On Being A Daydreamer
by Michelle Melles
It’s a lazy-hazy August day and, despite my best intentions, I can’t stop my mind from wandering. I’m not worried, I’m not planning, I’m just freely thinking. My thoughts bounce from idea to idea like multi-coloured pebbles skipping on the water of consciousness.
As a child, I was sometimes teased for being a ‘dreamer’. “Stop spacing out!” “Pay attention!” “Snap out of it!” I’ve been told. The ‘it’, in “snap out of IT”, was never defined. The bullies seemed to have predicted that I’d later work for the Space Channel. Today, we know that daydreaming and imaginative play are associated with greater creativity in children – but not when I was a kid.
I also worried about my daydreaming mind. As someone who wanted some degree of success, I thought “go getters” were definitely not dreamers. I admire the type of brain that is extremely focused and present-minded. I’m in awe of the ways a good lawyer argues so elegantly and categorically. And so, at some point in my late teens, I made it my solemn duty to try to be more attentive, awake and aware – in the here and now – with two feet on the ground. I reigned in the wild horses of my imaginings, corralled my free thoughts and applied my brain to work and school. I switched from transcendental meditation to mindfulness-based meditation and I began to practice yoga almost every day.
Studies now show that mind-wandering is a sign of intelligence and creativity.
But should I feel badly about letting my mind wander? Studies now show that mind-wandering is a sign of intelligence and creativity and practicing both mindfulness and ‘structured daydreaming’ could help us live our happiest lives. Daydreaming is good for your mental health and your memory. It helps you relax and it’s pleasurable!
Daydreaming is essential to finding inspiration and sparking new ideas. People often have their best ideas – their ‘aha moments’ – when they are simply doing nothing. Some of the most important scientific breakthroughs ever made – by everyone from Einstein to Newton – came about from daydreaming. Newton developed his theory of gravity after he happened to see an apple fall from a tree in his mother’s garden in Lincolnshire. Albert Einstein celebrated what he called Gedankenexperimente, a thought experiment that allows you to twirl ideas around in your head rather than in a lab. He believed that the daydreaming mind’s ability to connect things is, in fact, our only path toward fresh ideas. As Einstein later put it, “Imagination is more important than knowledge.”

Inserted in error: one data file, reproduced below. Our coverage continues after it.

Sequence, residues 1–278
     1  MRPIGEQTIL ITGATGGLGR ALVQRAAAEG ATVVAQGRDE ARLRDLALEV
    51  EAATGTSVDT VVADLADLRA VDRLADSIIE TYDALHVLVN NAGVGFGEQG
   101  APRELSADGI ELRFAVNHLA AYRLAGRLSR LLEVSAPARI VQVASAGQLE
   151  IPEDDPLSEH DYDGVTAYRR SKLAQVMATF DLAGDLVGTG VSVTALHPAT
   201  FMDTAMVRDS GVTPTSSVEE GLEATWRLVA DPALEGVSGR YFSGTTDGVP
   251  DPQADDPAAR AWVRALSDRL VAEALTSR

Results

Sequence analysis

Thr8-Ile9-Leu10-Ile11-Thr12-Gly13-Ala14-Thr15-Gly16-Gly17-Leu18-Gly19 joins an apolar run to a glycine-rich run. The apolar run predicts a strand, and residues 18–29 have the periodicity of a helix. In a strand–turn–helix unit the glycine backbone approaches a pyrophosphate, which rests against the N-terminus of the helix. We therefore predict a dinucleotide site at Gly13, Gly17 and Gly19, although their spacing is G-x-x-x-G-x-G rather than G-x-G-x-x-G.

The rush of pleasure we get from an “aha moment” is the equivalent of an orgasm for the thinking mind.
The rush of pleasure we get from an “aha moment” is the equivalent of an orgasm for the thinking mind, says Alison Gopnik, who is a psychology professor at the University of California, Berkeley. The pleasure of an orgasm, can be seen as the motivation our bodies use to make sure we procreate – similarly, the pleasure of an “aha” may be built into our DNA to ensure that we learn more about the world. If we’ve evolved to get great pleasure from that wonderful moment when breakthrough ideas come together in an orgasmic way, then letting our mind wander is no longer a guilty indulgence — it is crucial to our success and survival.
I’m finding though, it’s becoming more and more difficult to be a daydreamer. We are living in such a fast-paced, technology-addicted world, that more and more people can’t seem to ‘pass the time’ without being on their smart phones or from going to one Instagram post to the next. They have become so scared of ‘boredom’ that they would rather give themselves electric shocks than be left alone with their thoughts. In a 2014 study at the University of Virginia, sixty seven percent of male students and twenty-five percent of female students chose to be shocked with electricity than sit there quietly and think.
There’s a Boredom Lab at York University in Toronto that is exploring the benefits and value of the unengaged mind. Dr. John Eastwood, the Director of The Boredom Lab stresses that it’s important that we don’t freak out when we are ‘bored’ because we also learn about ourselves in the process of being alone with our thoughts. “I think as individuals and as a society we really have to focus on developing this capacity for constructive internal reflection and that may not be very possible if we are constantly being bombarded with stimulation from the outside,” Eastwood says. We need to take time to look inward – away from technology.
I’m going to turn off my screen, put away my phone and let the wild horses of my mind go free.